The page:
Santa Cruz, CA
In the early 1970s, James Brody was an aspiring composer on the verge of a brilliant career. Having studied composition at Indiana University with Xenakis, Brody was an authority on electro-acoustic and stochastic methods, writing the liner notes for the original Nonesuch LP 'Iannis Xenakis - Electroacoustic Music'. He was awarded a position in composition, theory and electronic music at East Texas State University…and then he disappeared.
He was still composing and active until his death in 2010 in a car crash with his friend and former teacher Franz Kamin.
AMERICAN RECORD GUIDE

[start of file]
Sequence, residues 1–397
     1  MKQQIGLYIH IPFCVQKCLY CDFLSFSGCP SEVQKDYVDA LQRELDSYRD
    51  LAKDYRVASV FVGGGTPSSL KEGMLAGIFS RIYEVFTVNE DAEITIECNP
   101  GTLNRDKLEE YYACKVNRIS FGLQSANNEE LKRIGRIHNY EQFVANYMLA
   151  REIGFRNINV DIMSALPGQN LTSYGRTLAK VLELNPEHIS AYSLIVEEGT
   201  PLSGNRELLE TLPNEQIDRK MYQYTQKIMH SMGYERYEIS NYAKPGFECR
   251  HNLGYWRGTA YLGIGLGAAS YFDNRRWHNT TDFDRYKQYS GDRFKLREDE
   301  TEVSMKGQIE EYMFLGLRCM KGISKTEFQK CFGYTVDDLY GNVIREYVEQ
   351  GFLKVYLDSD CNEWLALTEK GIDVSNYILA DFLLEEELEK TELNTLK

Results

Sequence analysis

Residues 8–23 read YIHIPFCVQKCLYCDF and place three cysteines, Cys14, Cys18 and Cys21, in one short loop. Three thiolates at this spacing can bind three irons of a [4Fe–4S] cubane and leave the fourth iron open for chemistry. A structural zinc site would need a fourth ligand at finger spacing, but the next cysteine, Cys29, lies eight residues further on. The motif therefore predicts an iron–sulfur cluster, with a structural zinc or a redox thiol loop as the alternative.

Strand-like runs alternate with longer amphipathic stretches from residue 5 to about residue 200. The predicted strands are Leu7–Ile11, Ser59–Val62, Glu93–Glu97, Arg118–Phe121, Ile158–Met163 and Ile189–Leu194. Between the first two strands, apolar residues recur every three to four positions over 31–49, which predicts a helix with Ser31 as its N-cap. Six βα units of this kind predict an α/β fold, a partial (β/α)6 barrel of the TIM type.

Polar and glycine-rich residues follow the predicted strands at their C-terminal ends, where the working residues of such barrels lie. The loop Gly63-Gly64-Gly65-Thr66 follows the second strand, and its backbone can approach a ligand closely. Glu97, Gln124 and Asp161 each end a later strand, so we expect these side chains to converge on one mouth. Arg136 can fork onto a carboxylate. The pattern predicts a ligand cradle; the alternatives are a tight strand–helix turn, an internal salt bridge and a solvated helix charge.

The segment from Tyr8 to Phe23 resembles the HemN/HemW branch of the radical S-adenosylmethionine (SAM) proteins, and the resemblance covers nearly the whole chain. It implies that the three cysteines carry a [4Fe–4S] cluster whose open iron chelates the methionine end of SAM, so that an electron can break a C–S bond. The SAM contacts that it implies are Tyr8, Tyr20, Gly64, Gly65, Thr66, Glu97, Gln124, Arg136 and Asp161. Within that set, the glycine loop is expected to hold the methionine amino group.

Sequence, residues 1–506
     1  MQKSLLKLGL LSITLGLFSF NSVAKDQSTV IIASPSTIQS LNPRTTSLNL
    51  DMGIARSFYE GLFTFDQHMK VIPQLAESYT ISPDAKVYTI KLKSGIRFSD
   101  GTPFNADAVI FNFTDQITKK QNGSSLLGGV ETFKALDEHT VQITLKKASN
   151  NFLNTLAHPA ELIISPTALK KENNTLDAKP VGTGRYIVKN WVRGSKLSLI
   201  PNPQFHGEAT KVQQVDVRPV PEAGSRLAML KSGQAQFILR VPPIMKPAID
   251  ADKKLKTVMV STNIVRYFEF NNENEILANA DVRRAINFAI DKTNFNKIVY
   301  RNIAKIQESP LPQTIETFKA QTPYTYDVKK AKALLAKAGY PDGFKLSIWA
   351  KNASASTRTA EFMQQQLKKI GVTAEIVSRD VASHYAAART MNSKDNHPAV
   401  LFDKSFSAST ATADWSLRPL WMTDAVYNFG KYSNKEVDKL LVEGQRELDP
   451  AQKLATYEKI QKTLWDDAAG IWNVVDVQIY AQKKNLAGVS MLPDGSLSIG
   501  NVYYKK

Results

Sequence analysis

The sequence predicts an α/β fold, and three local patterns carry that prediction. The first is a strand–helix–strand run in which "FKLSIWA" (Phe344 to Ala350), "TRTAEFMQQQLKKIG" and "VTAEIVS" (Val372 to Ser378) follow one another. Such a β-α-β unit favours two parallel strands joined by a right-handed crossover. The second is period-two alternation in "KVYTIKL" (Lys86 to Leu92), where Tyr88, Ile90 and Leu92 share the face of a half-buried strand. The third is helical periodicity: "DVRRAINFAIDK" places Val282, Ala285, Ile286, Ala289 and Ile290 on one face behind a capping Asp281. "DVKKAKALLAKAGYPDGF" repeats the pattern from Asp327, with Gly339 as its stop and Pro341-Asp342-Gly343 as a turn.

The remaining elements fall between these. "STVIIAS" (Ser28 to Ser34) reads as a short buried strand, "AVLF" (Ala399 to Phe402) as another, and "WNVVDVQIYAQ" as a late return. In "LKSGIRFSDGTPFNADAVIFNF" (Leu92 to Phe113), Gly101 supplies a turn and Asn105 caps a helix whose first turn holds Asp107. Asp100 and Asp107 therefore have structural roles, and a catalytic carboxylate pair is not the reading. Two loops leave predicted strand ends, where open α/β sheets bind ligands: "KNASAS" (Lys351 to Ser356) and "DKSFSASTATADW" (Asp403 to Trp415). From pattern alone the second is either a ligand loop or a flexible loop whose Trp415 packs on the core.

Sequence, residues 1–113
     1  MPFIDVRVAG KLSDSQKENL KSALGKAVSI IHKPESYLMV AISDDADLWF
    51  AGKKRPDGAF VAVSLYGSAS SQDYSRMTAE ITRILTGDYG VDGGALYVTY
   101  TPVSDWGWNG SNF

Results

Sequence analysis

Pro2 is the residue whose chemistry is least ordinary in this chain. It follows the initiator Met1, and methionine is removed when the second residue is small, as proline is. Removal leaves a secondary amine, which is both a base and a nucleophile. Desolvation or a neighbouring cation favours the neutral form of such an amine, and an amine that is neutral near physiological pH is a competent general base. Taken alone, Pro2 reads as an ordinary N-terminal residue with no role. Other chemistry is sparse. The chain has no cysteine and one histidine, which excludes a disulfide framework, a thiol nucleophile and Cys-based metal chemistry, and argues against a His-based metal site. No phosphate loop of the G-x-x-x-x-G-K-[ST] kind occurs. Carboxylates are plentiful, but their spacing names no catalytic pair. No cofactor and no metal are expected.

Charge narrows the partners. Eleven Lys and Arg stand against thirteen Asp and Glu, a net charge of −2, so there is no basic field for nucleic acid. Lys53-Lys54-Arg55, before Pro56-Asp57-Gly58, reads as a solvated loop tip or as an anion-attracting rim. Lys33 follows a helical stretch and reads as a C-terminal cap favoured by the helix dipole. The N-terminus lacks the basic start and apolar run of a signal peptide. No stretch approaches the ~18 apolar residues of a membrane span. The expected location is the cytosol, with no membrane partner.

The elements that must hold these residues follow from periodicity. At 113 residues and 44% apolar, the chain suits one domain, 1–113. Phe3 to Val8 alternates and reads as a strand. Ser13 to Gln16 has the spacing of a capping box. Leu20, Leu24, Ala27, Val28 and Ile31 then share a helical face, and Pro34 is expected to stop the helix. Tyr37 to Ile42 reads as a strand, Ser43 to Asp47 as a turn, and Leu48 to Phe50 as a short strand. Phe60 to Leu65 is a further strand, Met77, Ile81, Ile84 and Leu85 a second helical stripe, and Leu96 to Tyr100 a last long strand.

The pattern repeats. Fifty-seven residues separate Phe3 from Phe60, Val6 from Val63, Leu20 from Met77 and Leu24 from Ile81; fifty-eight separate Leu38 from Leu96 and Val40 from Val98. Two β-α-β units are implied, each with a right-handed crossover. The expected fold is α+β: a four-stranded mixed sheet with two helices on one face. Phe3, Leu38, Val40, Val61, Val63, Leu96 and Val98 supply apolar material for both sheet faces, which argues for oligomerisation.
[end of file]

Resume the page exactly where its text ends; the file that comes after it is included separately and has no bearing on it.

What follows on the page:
High-tech electroacoustic music fills the new disc by James Brody. Yet it sounds more physical than technical. It reminds me somehow of the distant and lonely sound world of Vladamir Ussachevsky's musique concrete of the 1960s, except that Brody's sounds attract the ear more--no surprise after 40 years of technological development. Brody's real inspiration is Xenakis, to whom be dedicates Syllepsis, the longest and most recent piece. Over the course of a quarter of an hour, it builds up several layers, creating a white heat of intensity that only barely subsides in the last few seconds. What pleases me most about Brody's music, however, is how it straddles the divide between deadly seriousness and whimsical humor. Perhaps for that reason I prefer Turnings. Brody created it using the Metasynth software package "which enables one to work in the graphics domain". It's a gentle barrage of quick bleeps, bursts, squiggles, shakes, saws, and low drones--ear-candy for the electroacoustic music aficionado. All of the music on this release explores percussive sounds--acoustic, electronic, or both together. Yet two of the works also display Brody's fondness for pulse rhythms. Supposedly, Theta Ticker explores possible correlations between musical rhythm and brain waves; I hear it as an exploration of evenly spaced percussive pulses layered together. ...If you already enjoy electroacoustic or percussion music, then you won't want to miss this well-produced release.." - Josh Mailman